5 investment strategies for Australian expats to save for retirement

investment strategies for Australian expats to save for retirement

Without the safety net of compulsory superannuation contributions by their employer, many Aussie expats struggle with determining what is the best way to save for retirement while living overseas.  Here are five ideas for Australian expats to save for retirement, and one to avoid.

1 : Get your employer to make compulsory superannuation payments into your Australian superannuation fund

If you have been transferred abroad by your Australian employer, and depending on which country you are working in, you may be able to continue to save for retirement by having your employer continue making the compulsory superannuation contributions into your Australian superannuation fund.  If you are living and working in a country that is party to a bilateral superannuation agreement with Australia, your employer may be exempt from making superannuation contributions (or equivalent) in the country you are temporarily working provided that they continue making compulsory superannuation contributions into your Australian superannuation fund.

2. Make voluntary payments into your Australian superannuation fund

It may be possible to make voluntary contributions into your Australian superannuation fund while living overseas, however, you should discuss with your financial advisor whether it is tax effective to do so.  You may find there are far better and more tax effective alternatives as an Australian expat to save for retirement, as many of the usual superannuation tax benefits are not available to you as an Australian expat.  Read here for more information on the implications for your Australian superannuation when moving overseas.

3. Invest in Australian Property

If you plan to return to Australia before retirement or to retire, then it can make sense to ensure you have a foot on the property ladder back in Australia.  Even if it may not be your retirement home, having a foot in the property market will at least mean that you won’t be priced out of the market when you are looking for a roof over your head during retirement in Australia.  While investing in property has many risks, there are also good tax benefits for investing in Australian property when living abroad.

4. Invest in Overseas Property

With Australia being such a large country and each city being its own microeconomy, it is usually possible to find a property in Australia to purchase at the right point in the property cycle.  However, you can also consider investing in overseas property.  There are a new set of risks in buying overseas property, but it can provide diversification to your investment portfolio.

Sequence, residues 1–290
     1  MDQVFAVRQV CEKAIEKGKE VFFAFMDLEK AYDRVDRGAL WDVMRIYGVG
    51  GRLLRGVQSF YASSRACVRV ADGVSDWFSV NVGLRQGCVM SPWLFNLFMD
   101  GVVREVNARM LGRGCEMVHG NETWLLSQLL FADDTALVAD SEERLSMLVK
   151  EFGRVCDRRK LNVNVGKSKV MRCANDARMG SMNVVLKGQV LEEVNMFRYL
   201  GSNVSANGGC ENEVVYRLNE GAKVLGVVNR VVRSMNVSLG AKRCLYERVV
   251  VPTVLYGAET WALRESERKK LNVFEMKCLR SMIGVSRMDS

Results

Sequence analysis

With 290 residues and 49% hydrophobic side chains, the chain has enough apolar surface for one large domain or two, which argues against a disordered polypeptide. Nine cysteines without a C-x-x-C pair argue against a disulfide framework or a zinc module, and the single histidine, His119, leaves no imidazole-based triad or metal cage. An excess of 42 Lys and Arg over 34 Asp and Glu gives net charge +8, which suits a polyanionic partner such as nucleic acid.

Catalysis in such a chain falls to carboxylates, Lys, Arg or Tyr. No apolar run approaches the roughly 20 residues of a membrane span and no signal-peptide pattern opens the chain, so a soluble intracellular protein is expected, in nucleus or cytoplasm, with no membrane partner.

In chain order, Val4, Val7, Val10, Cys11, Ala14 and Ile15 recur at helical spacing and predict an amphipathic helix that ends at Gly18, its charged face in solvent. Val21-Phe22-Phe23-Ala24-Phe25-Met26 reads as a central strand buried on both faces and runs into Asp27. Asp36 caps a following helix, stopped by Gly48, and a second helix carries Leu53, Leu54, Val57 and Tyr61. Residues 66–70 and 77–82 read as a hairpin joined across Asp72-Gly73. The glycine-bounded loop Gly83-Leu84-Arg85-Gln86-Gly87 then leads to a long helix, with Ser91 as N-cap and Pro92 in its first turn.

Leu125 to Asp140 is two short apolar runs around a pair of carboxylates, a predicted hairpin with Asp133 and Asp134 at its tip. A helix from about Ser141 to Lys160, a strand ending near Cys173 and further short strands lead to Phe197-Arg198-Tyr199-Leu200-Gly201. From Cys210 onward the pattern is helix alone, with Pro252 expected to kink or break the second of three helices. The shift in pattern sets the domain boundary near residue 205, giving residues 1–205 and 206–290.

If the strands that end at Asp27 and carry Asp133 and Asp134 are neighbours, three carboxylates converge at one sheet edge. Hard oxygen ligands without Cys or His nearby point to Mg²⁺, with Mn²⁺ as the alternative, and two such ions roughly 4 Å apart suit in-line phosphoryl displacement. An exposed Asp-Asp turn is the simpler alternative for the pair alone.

5. Build a Low Cost Share Portfolio

Investing in the Australian share market as an Australian expat can be very tax effective, and depending on the tax regime of the country you are living in can be an effective investment strategy.

When investing in the sharemarket, I personally prefer building a diversified portfolio of shares by using exchange traded funds (ETF’s) or index funds.  These funds attempt to mirror the performance of the underlying index (eg. the Australian share markets ASX200) and charge a small management fee.  Research has shown that ETF’s and index funds consistently outperform the higher cost actively managed funds that are usually heavily marketed to retail investors.

And One Investment Strategy to Avoid

Whatever you do, make sure you don’t get yourself caught up with dodgy offshore investment schemes.  Offshore investment plans, offshore pension bonds, life assurance savings programs, whatever the name they are given could end up costing you a lot of money.  Many expats are attracted to these products that are heavily promoted by “financial advisors” as a simple and tax effective way to save for your future.

However, many of these supposed benefits can be outweighed by the high fees charged by the promoters, so make sure you get good independent financial advice before investing.

 

save for retirement australian expat
Disclaimer : This information is for educational purposes only and does not constitute financial or taxation advice. As this information is not advice and has been prepared without taking into account your objectives, financial situation or needs you should, before acting on this information, consider its appropriateness for your circumstances. Independent advice should be obtained from an Australian financial services licensee before making investment decisions, and a registered (tax) financial advisor/accountant in relation to taxation decisions. To the extent permitted by law, we exclude all liability for any loss or damage arising in any way.  We may receive referral commissions from companies referred in this article.

About the author

Craig

Craig is an Australian Expat and the founder of The Australian Expat Investor. Craig is passionate about investing, and while Craig cannot give personal financial or tax advice, Craig enjoys sharing investing, tax, and other tips for Australian expats to help them to build their wealth while living abroad and get the most out of their time living overseas. Get his free ebook on 9 Financial Surprises That Could Cost Australian Expats Thousands of Dollars

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